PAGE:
(RNS) — It took my wife and me almost six weeks to name our first daughter after she was born. We spent all our free time trying to find the perfect name, one that reflected her personality and our aspirations for her, and one that carried the memories of her family and ancestors in Punjab.
We ultimately settled on Jiya Sundari Kaur, a name that, when taken together, means “A beautiful and divine life, sovereign from casteism and patriarchy.”
Six months ago, we named our second daughter, Azaadi Amro Kaur, which loosely translates to “Eternal Freedom, sovereign from casteism and patriarchy.”
Both of their middle names are drawn from historical Sikh female leaders. Their shared last name, which is different from mine, is a royal name that Sikh women have carried for centuries. The name is a mark of their sovereignty and a statement of resistance against social distinctions and oppression. Preserving this last name was of central importance in naming our daughters.
For my wife and me, naming our daughters was a deeply personal, spiritual and collective experience. That has long been part of the Sikh naming process.
We also knew implicitly that giving our daughters traditional Sikh names would have consequences. We were consciously choosing to mark them as different in a society that often struggles with diversity. By naming our children differently, my wife and I were not just preserving our own cultural heritage – we were also challenging societal expectations of sameness, homogeneity and, ultimately, what it means to be American.
The memories of naming our daughters flooded my mind last week after a friend sent me a deeply problematic piece from the prominent advice columnist Dear Abby, titled “Couple Must Choose Between Practical and Unusual Names for Children.”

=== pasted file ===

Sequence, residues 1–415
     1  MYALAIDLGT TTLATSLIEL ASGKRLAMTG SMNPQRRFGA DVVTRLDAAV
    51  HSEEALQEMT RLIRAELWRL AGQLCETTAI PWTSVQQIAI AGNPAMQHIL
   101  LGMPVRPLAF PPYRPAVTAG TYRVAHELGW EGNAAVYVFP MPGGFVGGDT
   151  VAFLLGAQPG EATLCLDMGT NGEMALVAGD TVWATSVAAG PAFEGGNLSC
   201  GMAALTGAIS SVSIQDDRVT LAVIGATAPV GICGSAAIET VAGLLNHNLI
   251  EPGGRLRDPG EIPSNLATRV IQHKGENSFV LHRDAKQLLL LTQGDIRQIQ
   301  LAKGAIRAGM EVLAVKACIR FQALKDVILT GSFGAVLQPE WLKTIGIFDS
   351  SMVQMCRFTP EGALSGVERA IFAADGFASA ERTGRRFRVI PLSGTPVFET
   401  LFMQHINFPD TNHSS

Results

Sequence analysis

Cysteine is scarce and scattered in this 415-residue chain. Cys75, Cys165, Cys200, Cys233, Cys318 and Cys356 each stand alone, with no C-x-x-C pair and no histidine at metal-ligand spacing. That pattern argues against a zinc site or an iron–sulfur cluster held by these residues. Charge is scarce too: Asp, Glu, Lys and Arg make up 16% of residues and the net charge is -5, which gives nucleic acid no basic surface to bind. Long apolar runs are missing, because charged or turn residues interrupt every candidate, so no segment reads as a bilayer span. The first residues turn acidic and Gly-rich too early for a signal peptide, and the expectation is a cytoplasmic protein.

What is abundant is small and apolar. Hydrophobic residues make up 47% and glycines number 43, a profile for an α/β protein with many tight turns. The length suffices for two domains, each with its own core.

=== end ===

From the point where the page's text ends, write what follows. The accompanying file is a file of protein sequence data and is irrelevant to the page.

In the piece, the columnist discouraged a couple from giving their child a “foreign name.”
“Not only can foreign names be difficult to pronounce and spell, but they can also cause a child to be teased unmercifully,” she wrote. “Sometimes the name can be a problematic word in the English language. And one that sounds beautiful in a foreign language can be grating in English.”
She finished with this question: “Why saddle a kid with a name he or she will have to explain or correct with friends, teachers and fellow employees from childhood into adulthood?”
Abby’s advice is well-intentioned here. She is trying to protect kids from potential discrimination. She is trying to be kind. But her kindness is masking the cruelty of her words.
Her underlying message is this. If your name sounds foreign, you aren’t really an American.
Her advice is harmful at best, xenophobic and racist at worst.
Ten years ago, I probably would have agreed with her.
I went by “Sim” all through grade school and college, in part because it was easier for others to pronounce and in part because I liked the computer game Sim’s City. I moved from Texas to Boston after college and took the opportunity to embrace my full first name.
Because Simran is such a common name (believe it or not), I also decided to use my middle name (Jeet) to distinguish myself in public contexts. Along the way, I learned to cherish my own name. And I want to pass that gift on to my daughters.
Today, I find Abby’s guidance “grating.”
Abby is advising people to hide their cultural differences in order to be accepted in America. French philosopher Michel Foucault would call this “cultural imperialism” — the idea that a dominant group gets to decide what is considered normal or acceptable and what is considered different or foreign.
And sounding foreign, according to Dear Abby, is something to be ashamed of. To get ahead, those of us with “foreign-sounding” names have to hide who we are.
It’s advice that many Americans have followed in the past.
Pauline Phillips, who created Dear Abby, was the child of Jewish immigrants – and wrote under a pseudonym, not her real name. She had to pretend to be someone else to succeed. This is part of the conceit of the advice columnist and also a marketing strategy baked into the trade. To be a respectable advice giver, Phillips had to come off as a generic American.
She could not be who she was.
After Phillips was diagnosed with Alzheimer’s in 2002, her daughter Jeanne Phillips took over the column and continues to write the column to this day. In addition to following her mother’s example of pretending to be someone else, she is also advising parents to do the same — to hide who they are in order to achieve success.
This is not great advice in a country that is becoming increasingly diverse, ethnically and religiously. And it was never good advice.
It is racism, disguised as kind advice on how to get by.
It’s time to stop erasing our differences and time to start embracing our differences. This is what will enable us to confront racism head-on.
This is what will allow us to create a better world for our children and for future generations.